Re-inventing Tolkien?

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  1. Lissa Joy profile image58
    Lissa Joyposted 6 years ago

    This thought was triggered by a friend of mine, an English major who plans to write a book that will surpass J.R.R. Tolkien's eternal classic, Lord of the Rings. As you may have heard, LOTR (among others) is considered to be the definition of modern fantasy, introducing many of today's common elements (a battle between good an evil, an improbable hero, multiple races of human-ish creatures, extensive worlds, history, and languages, and so on).
    My question is, do you think it's possible to re-invent fantasy as we know it? Or is today's "new" genre something completely different (the graphic novel, for instance)? What does this say about our society--are we now unwilling to use our imaginations and instead prefer to mindlessly devour images with text taking a back seat?

    Thoughts appreciated!

    1. HistoryProdigy profile image67
      HistoryProdigyposted 6 years agoin reply to this

      I hope your friend is successful. It is a good thing that he or she sets tough goals like that. Henry Thoreau said "if you build castles in the air, your work need not be lost; that is where they should be. Now put the foundations under them."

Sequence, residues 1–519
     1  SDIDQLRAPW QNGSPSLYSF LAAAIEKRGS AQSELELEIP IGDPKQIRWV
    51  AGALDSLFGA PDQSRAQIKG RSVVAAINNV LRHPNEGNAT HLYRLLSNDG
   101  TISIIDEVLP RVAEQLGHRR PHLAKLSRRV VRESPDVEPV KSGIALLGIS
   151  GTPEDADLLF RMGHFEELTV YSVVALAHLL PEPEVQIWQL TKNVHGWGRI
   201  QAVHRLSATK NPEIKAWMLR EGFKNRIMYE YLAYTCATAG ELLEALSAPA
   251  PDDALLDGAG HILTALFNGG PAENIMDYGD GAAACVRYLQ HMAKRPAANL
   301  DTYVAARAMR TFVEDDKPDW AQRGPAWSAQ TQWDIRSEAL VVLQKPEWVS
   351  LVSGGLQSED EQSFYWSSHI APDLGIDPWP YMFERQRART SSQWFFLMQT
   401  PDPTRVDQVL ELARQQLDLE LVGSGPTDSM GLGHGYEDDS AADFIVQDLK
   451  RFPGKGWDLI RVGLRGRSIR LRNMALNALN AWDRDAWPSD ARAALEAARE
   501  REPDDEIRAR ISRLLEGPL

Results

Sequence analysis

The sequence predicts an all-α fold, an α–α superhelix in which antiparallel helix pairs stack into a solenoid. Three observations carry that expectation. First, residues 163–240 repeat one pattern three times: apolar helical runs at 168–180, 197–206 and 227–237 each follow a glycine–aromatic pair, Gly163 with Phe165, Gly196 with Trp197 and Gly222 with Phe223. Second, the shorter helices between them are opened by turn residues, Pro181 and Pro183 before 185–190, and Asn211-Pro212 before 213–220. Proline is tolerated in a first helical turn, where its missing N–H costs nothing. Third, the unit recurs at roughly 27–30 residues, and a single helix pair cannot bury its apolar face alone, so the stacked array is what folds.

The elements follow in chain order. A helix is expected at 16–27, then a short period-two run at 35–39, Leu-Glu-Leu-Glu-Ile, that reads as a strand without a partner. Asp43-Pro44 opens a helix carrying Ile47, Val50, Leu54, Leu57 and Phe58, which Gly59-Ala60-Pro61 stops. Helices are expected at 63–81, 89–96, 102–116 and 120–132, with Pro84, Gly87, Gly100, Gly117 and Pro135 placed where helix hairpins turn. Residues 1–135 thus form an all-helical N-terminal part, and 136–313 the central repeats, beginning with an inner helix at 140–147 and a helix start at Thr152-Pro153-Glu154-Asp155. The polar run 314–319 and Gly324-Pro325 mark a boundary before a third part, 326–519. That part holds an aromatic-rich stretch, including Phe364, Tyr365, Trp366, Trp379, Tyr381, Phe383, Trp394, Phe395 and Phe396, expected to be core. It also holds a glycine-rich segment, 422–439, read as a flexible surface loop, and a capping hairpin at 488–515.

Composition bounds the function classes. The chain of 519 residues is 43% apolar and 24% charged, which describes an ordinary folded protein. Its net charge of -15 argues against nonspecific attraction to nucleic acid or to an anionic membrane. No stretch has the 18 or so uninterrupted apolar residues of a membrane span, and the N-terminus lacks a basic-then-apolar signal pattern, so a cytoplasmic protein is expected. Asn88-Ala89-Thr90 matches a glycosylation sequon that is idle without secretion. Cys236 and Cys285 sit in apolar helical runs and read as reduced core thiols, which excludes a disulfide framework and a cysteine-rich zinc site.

Harry Potter is the only series that came close to challenging the Lord of the Rings, but I think HP didn't quite make it. The Lord of The Rings stands alone at the moment. I do believe that one day a fantasy genre book will take the top spot from LOTR. Maybe the only way to do so is to redefine the genre. But the Fantasy genre has been the same for the last 70 or 80 odd years, so for now I would place my bets on more of the same.

  2. profile image0
    JaxsonRaineposted 6 years ago

    If you actually delve into Tolkein's works, and how they came about, then things like Harry Potter don't come close. I hadn't read LotR for a while, so I picked it back up, and was amazed, as I always am, at the life that is contained in the books.

    I would say Wheel of Time was closer than anything else I've read, but Tolkein's dedication to developing cultures, languages, and environments is unmatched.

    Honestly, with the changes in society(everything is instant, internet, phones, now now now), I wouldn't be surprised if it never is surpassed. I think that kind of writing has had it's day.

    Good luck to him, I'd be interested in reading what he comes up with.

  3. WriteAngled profile image81
    WriteAngledposted 6 years ago

    Personally, I found Harry Potter poorly written, unimaginative and predictable. I gave up somewhere midway through the fourth book because it had become so tedious.

    In contrast, I have read Lord of the Rings trilogy probably more than 30 times in my life, and have never ceased to be caught up in it and deeply moved in places.

    I would be very surprised if someone could match Tolkien. He spent many years constructing the most detailed background for the world about which he wrote. This is one of factors that makes his work so powerful.

    1. Pearldiver profile image79